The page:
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Eugen Plischke

The transition to Java12 – A short field report

Java Runtime has recently been licensed by Oracle for a fee. There is also a free version: OpenJDK. Our colleague Eugen Plischke has dealt with the conversion in more detail and has written down his experiences.

Java Runtime has recently been licensed by Oracle for a fee. There is also a free version: OpenJDK. At BusinessCode, we advise our customers to change over to it. But first we want to take a closer look and summarize our experiences. Our colleague Eugen Plischke has dealt with the conversion in more detail and has written down his experiences.

There are 2 ways to “migrate” a project to Java12

(A): Establish compatibility

Some components that were part of the core of Java Runtime are no longer shipped with Java12, so they have to be manually added to the project. Many of these dependencies have been individually developed and distributed, each with independent version numbers. Depending on which of these features are used in the project, these (libraries) must be imported individually.

These libraries in turn have their own lifecycle. They are treated like “normal” third-party libs and must be obtained in the version that is compatible with the project code. Furthermore, the project also uses other, non-core libraries. Of course, these libraries also have dependencies to these Java modules, which previously belonged to the Java kernel and are now distributed separately. The compatibility on this level cannot be determined: All issues that lead to an error during the compilation time can be addressed and adjusted. All other incompatibilities do not occur until runtime.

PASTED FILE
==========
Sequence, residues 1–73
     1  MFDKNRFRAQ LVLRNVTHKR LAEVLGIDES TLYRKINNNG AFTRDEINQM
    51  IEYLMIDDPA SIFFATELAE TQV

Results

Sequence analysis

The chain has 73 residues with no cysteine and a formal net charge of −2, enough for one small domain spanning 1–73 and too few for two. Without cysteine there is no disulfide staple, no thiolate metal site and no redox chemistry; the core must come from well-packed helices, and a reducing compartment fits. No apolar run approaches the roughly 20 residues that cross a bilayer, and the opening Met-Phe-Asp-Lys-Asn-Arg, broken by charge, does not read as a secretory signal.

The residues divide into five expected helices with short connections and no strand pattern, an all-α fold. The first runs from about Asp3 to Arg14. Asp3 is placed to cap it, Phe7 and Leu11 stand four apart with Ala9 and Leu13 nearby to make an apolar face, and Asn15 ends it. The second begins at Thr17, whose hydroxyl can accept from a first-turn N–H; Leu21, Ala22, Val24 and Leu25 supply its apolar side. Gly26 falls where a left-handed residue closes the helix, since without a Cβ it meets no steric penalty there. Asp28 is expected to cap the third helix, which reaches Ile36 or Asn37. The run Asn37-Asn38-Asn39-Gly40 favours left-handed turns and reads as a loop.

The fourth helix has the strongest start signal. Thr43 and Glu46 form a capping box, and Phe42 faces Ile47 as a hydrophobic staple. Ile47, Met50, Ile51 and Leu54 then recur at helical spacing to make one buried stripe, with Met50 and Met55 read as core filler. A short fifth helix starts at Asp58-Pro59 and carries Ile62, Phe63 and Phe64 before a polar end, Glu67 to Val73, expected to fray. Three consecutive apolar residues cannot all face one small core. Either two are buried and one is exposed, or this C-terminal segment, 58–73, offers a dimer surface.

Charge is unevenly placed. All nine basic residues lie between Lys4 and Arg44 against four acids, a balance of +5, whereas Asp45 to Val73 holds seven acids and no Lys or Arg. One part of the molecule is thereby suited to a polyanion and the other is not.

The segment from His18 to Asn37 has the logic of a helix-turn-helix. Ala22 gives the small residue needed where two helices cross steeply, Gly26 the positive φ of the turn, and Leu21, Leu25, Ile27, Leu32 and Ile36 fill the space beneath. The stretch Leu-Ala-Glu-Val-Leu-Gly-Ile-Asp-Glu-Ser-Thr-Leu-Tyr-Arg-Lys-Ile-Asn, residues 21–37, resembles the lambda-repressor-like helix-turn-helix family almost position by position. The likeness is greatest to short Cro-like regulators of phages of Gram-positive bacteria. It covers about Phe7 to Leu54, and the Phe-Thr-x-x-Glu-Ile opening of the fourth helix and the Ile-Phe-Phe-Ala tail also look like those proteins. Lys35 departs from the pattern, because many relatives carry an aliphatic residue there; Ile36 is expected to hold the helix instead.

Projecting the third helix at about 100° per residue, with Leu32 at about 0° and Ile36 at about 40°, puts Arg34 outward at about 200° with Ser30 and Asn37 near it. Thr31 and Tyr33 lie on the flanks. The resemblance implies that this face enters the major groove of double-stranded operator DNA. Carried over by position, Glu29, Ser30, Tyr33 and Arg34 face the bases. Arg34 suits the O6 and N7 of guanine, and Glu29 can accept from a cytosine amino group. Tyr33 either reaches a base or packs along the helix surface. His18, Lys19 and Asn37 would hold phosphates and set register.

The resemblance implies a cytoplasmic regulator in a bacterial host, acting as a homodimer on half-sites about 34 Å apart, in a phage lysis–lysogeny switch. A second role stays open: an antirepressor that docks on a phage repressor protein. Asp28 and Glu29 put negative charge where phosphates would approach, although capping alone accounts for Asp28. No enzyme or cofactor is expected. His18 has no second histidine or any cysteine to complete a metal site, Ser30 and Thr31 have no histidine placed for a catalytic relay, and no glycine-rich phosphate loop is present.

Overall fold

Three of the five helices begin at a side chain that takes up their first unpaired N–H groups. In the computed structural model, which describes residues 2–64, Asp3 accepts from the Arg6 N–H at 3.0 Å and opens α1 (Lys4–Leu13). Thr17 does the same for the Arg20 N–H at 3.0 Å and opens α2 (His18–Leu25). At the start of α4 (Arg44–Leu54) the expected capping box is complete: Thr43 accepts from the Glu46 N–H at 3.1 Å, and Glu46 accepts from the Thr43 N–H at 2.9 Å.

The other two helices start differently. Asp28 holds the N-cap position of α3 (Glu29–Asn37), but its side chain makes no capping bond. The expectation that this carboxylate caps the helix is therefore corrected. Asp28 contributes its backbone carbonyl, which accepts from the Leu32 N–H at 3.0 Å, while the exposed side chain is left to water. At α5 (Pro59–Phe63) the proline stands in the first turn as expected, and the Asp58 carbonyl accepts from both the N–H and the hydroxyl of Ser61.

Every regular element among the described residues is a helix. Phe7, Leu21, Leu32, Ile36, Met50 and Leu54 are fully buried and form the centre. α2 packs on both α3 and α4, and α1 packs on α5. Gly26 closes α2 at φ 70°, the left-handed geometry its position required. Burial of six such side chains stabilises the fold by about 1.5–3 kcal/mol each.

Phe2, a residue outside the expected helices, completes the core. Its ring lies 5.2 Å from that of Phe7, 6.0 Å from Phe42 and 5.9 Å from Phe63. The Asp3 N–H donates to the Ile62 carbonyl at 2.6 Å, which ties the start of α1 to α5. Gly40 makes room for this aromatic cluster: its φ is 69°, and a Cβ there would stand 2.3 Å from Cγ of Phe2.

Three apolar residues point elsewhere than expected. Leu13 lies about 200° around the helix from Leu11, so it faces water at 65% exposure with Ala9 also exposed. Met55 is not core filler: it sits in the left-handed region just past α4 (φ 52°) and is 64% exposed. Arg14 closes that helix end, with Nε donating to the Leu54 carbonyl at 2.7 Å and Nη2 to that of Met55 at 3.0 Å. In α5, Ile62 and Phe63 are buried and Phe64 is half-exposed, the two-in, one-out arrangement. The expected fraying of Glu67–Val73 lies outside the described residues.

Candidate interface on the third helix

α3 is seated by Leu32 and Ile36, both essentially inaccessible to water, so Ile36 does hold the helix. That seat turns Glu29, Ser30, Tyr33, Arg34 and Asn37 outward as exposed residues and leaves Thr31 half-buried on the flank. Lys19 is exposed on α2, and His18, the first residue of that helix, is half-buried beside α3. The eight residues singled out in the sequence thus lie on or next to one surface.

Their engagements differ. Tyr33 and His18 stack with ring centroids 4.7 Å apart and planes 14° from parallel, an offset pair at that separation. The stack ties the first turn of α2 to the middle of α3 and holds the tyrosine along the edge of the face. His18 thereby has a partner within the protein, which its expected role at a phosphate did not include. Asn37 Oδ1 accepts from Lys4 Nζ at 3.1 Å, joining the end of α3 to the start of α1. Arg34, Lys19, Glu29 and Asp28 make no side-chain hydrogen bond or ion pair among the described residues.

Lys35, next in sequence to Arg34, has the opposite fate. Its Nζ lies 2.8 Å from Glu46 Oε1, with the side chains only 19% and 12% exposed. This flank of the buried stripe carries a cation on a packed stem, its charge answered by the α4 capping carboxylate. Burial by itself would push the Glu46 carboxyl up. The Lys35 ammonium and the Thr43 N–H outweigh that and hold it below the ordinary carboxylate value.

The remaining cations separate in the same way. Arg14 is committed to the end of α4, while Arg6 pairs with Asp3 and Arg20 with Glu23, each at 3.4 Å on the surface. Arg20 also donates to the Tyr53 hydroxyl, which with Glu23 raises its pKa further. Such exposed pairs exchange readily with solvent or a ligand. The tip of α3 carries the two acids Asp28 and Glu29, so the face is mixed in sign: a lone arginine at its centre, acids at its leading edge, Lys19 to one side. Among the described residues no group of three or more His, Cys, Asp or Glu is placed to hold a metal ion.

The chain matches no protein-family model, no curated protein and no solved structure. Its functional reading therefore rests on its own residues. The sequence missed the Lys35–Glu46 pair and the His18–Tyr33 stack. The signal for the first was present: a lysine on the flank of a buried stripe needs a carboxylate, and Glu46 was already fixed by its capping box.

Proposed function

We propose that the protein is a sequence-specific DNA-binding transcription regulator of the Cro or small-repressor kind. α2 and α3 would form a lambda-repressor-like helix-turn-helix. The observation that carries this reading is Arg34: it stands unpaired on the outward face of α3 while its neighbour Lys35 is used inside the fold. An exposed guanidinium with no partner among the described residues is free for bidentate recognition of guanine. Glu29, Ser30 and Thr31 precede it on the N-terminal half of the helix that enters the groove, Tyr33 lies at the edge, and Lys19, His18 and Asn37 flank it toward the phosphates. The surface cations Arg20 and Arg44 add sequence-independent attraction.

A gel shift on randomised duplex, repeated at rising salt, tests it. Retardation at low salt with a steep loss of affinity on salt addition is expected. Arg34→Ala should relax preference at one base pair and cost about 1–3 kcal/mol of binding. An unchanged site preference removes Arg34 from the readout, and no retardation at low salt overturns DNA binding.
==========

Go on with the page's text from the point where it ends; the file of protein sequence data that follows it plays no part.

Conclusion: Actually every function has to be tested.

The project code itself, if it ran with Java8, also runs with Java12, as in our case. We can’t say that in general, because it depends on how you use the components that were part of the Java kernel before and are now independent and may have changes in the API.

Java has introduced a new feature: Modules. If you want to use these, you have to extend the project code to describe the modules and if necessary to organize the project code differently. This assumes, however, that other third-party libs do not get in the way and are also compatible with the new module standard. This is the case with libraries that are now pulled out of the Java kernel, but not with the other third-party libs. Java brings backwards compatibility, which didn’t work for us. At the moment we don’t know why this is the case and if it’s just an Eclipse bug.

If the project code is compiled in the Java12 target (target environment), it must implement the new module standard. To deactivate the module standard, the compile target must be set to Java8. In this case you can still compile with Java12 and the result will also run on the Java12 runtime.

(B): Introducing the Java12 standard

Furthermore, the development environment – (Eclipse) – must be able to work with the new standard. Even that was a problem until about CW27. Eclipse had bugs and prevented a clean working on the project code.

Then there is the buildchain, i.e. the packaging of the project. Depending on whether we use Gradle or ANT, this is the next building site.

Gradle:

Here you have to upgrade to Gradle Version 5.2. This is not fully compatible with version 4, which we have used in some projects so far. This means that the project code of the buildchain has to be adapted.

ANT:

Also here the existing ANT installation must be compatible to Java12. With ANT 1.9 we did not notice any problems with Java12. The project code must be extended to force compilation in Target Java8.

I have also created a document that logs the steps of the conversion.

Do you have any further questions? Then please contact us, we will be glad to help you!

Photo: Eugen Plischke